New Exhibition on Alchemy Opens!

“Perfecting Nature: Medicine, Metallurgy and Mysticism, Alchemical Texts from Special Collections,” an exhibition of alchemical books and manuscripts from the sixteenth, seventeenth and eighteenth centuries, which will be on view in the Special Collections Exhibition Gallery on the second floor of Morris Library from Tuesday, August 21, 2012 through Friday, December 14, 2012.

Alchemy is a complex and mysterious art which began in ancient times and continued for thousands of years before being challenged as a legitimate science in the eighteenth century despite the many contributions and scientific facts alchemists established through their experiments. Alchemy was practiced in the Middle East, Asia and all across Europe. Many eminent scientists, religious figures and royalty were practitioners of alchemy, including Isaac Newton, Pope John XXII, and John Dee.

It is well-known that alchemists searched for the Philosopher’s Stone in order to transmute lead into gold and sought to create the elixir of life which has remarkable healing properties, provides longevity and possibly even immortality. Alchemy includes religious and philosophical beliefs, as well as, mysteries and riddles to solve in order to achieve personal transformation. Alchemy is steeped in rich symbolism and alchemical works are accompanied by beautiful woodcuts and engravings.

Alchemists believed that substances, such as metals could be transformed into other substances through laboratory processes.  The virtues of plants and minerals were also observed and studied by alchemists. Many alchemists were blacksmiths or physicians.

Alchemists were both men and women of intelligence, who were seekers of truth –called ‘Adepts’.  Alchemists are considered the ‘Fathers of Laboratory Technique’ and alchemical experiments have greatly contributed to the practice of medicine paving the way towards homeopathy and other remedies.  Practitioners of alchemy performed real experiments and developed a theory of natural philosophy. They sought to conquer nature with natural processes and therefore perfect nature.

On exhibition will be works that highlight alchemy’s history, beliefs and practices.  These texts contain extraordinary woodcuts and engravings of alchemical emblems and symbols. The materials on display are from the Unidel History of Chemistry Collection, a collection within the Special Collections Department at the University of Delaware Library.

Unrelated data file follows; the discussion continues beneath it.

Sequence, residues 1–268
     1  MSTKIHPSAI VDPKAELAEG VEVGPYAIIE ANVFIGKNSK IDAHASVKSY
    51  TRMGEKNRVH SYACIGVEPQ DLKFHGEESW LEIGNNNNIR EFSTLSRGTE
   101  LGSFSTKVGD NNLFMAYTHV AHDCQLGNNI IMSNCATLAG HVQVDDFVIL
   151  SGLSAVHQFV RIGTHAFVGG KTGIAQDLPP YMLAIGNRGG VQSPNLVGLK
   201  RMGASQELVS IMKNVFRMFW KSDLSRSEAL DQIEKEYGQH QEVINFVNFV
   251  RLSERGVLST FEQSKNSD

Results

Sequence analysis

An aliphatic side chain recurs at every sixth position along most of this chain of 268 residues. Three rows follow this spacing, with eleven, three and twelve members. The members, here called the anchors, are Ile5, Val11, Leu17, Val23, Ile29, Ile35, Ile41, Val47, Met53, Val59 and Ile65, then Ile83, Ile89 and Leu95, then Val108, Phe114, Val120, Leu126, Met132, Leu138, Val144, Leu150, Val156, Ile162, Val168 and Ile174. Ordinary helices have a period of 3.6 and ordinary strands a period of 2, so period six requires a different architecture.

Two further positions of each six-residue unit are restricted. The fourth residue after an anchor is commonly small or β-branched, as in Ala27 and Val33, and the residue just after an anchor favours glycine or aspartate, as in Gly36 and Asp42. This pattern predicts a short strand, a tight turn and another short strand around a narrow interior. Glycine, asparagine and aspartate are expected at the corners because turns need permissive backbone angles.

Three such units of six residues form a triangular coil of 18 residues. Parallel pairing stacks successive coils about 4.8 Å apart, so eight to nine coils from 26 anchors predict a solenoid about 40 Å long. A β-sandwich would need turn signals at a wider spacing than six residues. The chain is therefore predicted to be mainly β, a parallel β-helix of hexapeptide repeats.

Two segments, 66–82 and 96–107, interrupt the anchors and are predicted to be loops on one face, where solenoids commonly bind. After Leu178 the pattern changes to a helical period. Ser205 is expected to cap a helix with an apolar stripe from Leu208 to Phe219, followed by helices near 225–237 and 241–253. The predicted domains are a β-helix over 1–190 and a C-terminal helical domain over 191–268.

In 1968, with support from the Unidel Foundation, the University of Delaware Library acquired a collection of nearly 2,000 primary sources in the history of chemistry. The collection was formed over a thirty-year period by an Italian chemist and contained landmark works of chemical literature, often in many editions, in-depth holdings by less well-known figures, and extensive runs of early chemical journals. It included several manuscripts and incunabula, and many works in alchemy, natural philosophy, pharmacy, and related fields of physics, medicine and the occult sciences.

Since the Unidel History of Chemistry Collection was acquired it has grown as  the University of Delaware Library has continued to strengthen its existing holdings. The great depth of the holdings in science and technology reflects the University of Delaware’s program and research strength in these areas.

The Unidel Chemistry Collection at Special Collections contains a vast amount of seminal alchemical texts.  On display will be works by Hermes Trismegistus, the legendary founder of alchemy as well as famous alchemists Avicenna, Paracelsus, Basil Valentine, Ramon Llull, Jabir ibn Hayyan, Roger Bacon, Robert Fludd and two copies of Mutus Liber or “Mute Book,” a highly influential alchemical work which contains only engravings and is read through the symbols contained in the artwork.

“Perfecting Nature: Medicine, Metallurgy and Mystics, Alchemical Texts from Special Collections” was curated, designed and installed by Laurie Rizzo, assistant librarian in the Special Collections Department, with assistance from Anita Wellner, library assistant in the Manuscripts and Archives Department, on exhibition preparation.

Laurie Rizzo

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